This year has been an extraordinarily challenging period for everyone, with none having felt it more than frontline health workers. For those workers, ASAP Innovations' Sean Keller says it’s essential they have the right protection.
The UK government recently said that the number of PPE masks distributed to health and social care services each month has increased from 1-2 million to 85-95 million over the course of the pandemic. However, with reports from the National Audit Office stating that hundreds of millions has been spent on unsuitable items that could not be used, it’s imperative that those purchasing PPE understand how to ensure they are buying legitimate and certified items.
At ASAP Innovations, we’ve seen fraudsters trying to replicate our brand this year, attempting to cash-in on increased demand. For the avoidance of doubt, here are the key pointers to certified and registered PPE.
1. Notified bodies are organisations designated by an EU country to assess the conformity of a product before it’s placed on the market. All notified bodies designated to assess PPE are listed on the EU Commission’s NANDO (New Approach Notified and Designated Organisations) website. This is updated regularly, so purchasers should look for products that have been certified by notified bodies.
Certificates issued by EU notified bodies will continue to be valid for the market in Great Britain (GB) until 30 June 2023. The EU ceased to recognise UK notified bodies, such as the MHRA, on 1 January, so manufacturers wishing to export to the EU now need to register products with an EU notified body.
Now that the initial rush on PPE has settled, purchasers mustn’t fall foul to uncertified products
All medical devices placed on the UK market now need to be registered with the MHRA, although there is a grace period for registering Class I PPE products until 1 January 2022. Manufacturers from outside the UK need to appoint a single UK Responsible Person who will take responsibility for the product.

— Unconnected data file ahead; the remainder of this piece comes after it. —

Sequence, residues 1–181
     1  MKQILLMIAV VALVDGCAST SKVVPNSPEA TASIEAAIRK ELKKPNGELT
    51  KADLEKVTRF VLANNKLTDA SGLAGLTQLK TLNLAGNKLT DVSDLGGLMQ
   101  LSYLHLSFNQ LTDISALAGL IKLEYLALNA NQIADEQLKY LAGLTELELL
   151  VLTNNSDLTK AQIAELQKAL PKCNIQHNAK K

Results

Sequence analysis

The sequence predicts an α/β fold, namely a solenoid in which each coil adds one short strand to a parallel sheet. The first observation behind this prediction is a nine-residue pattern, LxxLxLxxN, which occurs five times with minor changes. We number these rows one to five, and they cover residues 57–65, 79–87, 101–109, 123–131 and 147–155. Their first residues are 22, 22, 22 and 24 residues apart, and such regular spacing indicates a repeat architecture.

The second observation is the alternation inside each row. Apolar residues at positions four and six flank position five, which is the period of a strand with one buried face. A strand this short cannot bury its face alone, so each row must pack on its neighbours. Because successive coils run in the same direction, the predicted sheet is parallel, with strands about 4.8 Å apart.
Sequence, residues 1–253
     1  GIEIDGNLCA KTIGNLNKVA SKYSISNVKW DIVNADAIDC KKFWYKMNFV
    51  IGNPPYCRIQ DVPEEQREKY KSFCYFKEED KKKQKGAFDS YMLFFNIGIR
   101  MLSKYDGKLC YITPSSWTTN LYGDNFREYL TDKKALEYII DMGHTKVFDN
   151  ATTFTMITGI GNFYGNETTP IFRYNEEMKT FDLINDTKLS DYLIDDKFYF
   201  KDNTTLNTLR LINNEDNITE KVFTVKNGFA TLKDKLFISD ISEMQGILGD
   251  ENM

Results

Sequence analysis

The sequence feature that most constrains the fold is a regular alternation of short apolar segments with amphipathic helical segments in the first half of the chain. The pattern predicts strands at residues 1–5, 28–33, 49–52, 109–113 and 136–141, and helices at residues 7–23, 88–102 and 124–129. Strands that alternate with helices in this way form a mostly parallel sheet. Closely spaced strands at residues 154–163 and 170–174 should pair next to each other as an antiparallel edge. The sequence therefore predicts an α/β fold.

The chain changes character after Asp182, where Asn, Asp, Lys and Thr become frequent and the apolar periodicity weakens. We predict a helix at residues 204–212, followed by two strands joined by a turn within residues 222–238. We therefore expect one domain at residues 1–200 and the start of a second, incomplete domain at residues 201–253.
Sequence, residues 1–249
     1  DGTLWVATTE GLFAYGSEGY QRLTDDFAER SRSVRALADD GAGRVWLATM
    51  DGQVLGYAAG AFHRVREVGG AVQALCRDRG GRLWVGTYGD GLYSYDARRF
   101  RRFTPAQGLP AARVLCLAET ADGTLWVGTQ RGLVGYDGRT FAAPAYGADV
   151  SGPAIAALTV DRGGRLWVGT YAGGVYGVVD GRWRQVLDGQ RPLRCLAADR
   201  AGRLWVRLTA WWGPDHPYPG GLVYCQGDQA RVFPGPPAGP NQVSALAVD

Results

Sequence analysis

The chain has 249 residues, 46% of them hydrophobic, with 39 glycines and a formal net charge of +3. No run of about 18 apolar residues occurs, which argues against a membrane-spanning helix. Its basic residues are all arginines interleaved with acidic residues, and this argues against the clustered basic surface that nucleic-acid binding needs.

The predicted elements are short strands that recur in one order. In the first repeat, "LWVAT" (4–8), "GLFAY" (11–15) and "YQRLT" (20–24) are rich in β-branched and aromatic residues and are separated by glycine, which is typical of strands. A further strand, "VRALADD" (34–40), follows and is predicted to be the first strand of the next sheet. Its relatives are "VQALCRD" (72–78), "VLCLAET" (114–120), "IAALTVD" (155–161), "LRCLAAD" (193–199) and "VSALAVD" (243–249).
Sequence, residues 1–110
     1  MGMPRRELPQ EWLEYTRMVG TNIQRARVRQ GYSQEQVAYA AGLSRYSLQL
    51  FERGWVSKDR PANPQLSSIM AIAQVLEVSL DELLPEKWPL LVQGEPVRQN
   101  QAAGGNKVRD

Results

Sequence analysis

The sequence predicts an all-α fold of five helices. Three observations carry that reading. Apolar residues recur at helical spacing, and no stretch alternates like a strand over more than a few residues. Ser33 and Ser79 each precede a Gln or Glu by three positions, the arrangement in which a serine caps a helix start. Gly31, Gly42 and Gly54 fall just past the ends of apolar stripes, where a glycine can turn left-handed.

2. CE Markings These indicate that a product has been assessed by the manufacturer and deemed to meet EU safety, health and environmental protection requirements. This is a requirement for products placed on the EU market that are manufactured anywhere in the world. The manufacturer is obligated to issue a declaration of conformity, meaning they take full responsibility for placing the product on the market. CE markings will continue to be recognised in GB until 30 June 2023.
3. Technical file This provides information on the design, manufacture, and operation of a product and must demonstrate that it conforms to the applicable requirements. It proves that the product meets the essential requirements to justify and support an EU declaration of conformity.
4. EU declaration of conformity This is a mandatory document that a manufacturer or the authorised representative needs to sign to declare the products comply with the EU requirements. The document must reflect the manufacturer, the address, implementation standard, ingredient content, production batch number, production date and expiration date, to name a few. Suppliers of gloves and masks should provide the technical file and EU declaration of conformity.
5. EN standards Medical products on the EU market should comply with EN standards. For example, masks should comply with standards EN14683 and EN149, gloves with EN455 and EN374 standards. A lot of businesses supplying fake and unsuitable PPE have the wrong standard in relation to the given masks or gloves.
Purchasers of masks and gloves should take time to look at the packaging of the equipment they’re buying and be sure to ask providers to show the technical file and EU declaration of conformity. On many fakes, there is no CE marking and also the ‘issuing body’ will not be listed on the EU Commission’s NANDO website, meaning the product is not registered or certified.
Sadly, demand for PPE this year has presented opportunities for fraudulent activities. However, now that the initial rush on PPE has settled, purchasers mustn’t fall foul to uncertified products. Partnering with a credible, reliable and certified manufacturer will ensure that healthcare institutions protect of all their staff and patients.
Sean Keller is managing director of Ireland and Malaysia-based ASAP Innovations, which has 150 certified product lines of masks and gloves available to UK organisations. The company has registered its products with an EU notified body and is on track to complete registration with the MHRA before the grace period ends.